One of the greatest joys of Toni Morrison’s work is knowing that you will never get it all on the first read. In her Nobel Prize speech, she famously said, “We know you can never do it properly — once and for all. Passion is never enough, neither is skill. But try.”
She was talking, ostensibly, about writing and writers. But I think it also applies to readers, her readers in particular, the millions of people around the world who have read and re-read her books. To read Toni Morrison is to know that from her brilliant opening lines to the stunning last pages that leave you shook that you will likely never match her wit and wisdom, but what joy there is in trying!
As someone who had the privilege of interviewing her several times over the last decade of her life, I think I can say with confidence that she wanted all of us — intellectuals and romance readers, book club aficionados and those of us who binge TV more than books — to get in where we fit in. Creatively, Toni Morrison set a large and lavish table of literature. If you’re new to her work, or haven’t read her in a long while, here are some thoughts about where to start.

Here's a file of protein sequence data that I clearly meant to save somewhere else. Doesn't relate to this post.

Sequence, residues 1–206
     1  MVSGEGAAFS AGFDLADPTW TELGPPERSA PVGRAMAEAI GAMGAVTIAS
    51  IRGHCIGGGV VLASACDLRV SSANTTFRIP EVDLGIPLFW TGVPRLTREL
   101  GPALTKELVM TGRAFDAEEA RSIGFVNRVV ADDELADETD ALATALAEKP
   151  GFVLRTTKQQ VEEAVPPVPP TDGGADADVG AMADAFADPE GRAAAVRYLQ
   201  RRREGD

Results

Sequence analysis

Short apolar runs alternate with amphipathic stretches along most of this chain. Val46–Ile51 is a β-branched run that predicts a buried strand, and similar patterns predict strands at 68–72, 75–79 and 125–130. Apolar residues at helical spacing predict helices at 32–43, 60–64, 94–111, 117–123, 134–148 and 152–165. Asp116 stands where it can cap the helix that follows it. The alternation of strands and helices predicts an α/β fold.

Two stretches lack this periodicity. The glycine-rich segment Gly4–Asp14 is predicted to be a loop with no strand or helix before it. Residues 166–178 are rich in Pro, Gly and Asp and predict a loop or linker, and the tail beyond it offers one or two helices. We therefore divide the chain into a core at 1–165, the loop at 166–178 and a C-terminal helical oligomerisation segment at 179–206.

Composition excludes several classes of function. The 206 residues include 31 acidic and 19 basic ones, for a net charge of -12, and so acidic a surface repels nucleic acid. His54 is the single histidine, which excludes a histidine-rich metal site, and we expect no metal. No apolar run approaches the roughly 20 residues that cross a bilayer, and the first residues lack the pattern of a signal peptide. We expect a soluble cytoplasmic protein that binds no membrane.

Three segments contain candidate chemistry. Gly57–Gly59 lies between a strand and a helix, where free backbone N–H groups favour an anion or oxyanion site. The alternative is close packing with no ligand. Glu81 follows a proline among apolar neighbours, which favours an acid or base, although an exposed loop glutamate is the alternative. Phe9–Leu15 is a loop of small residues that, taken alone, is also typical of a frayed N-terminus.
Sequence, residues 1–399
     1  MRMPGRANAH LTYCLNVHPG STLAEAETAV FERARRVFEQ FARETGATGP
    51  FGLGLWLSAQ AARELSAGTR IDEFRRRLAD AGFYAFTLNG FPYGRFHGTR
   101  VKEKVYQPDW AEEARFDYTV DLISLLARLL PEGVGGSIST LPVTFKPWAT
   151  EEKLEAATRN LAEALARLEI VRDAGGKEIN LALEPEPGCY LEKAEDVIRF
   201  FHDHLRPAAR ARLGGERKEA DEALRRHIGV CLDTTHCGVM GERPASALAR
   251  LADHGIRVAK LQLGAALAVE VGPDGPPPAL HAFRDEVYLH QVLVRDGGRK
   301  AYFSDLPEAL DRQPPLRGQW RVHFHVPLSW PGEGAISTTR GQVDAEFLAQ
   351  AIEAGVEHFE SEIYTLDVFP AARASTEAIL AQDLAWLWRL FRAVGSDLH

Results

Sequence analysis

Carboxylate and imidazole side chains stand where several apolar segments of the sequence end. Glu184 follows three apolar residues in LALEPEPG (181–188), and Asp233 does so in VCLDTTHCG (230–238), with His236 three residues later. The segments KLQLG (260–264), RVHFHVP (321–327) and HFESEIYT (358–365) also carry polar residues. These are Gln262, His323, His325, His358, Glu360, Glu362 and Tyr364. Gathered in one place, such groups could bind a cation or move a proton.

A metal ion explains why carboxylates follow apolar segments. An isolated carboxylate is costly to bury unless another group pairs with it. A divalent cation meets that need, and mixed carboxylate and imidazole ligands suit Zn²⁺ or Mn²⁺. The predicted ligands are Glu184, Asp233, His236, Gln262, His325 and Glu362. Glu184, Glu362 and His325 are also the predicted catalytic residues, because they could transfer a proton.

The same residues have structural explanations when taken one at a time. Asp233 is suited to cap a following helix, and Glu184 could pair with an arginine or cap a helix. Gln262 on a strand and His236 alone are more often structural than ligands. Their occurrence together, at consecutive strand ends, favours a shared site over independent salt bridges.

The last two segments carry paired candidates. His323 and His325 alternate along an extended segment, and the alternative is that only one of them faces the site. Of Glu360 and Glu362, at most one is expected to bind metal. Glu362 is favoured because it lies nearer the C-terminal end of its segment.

My attention span is short.
If, like so many of us, you’ve found the anxiety-ridden free time of the pandemic not exactly conducive to deep reading, I’d start with her Nobel Lecture in Literature. It is a slim 10 pages, available as a digital download and it is a powerful meditation on why we read, why writers write, and why it matters.
It is, from beginning to end, chock full of the gorgeous, sugar-spun prose that the Nobel Prize judges noted when deciding to award the prize to Morrison, “who in novels characterized by visionary force and poetic import, gives life to an essential aspect of American reality.”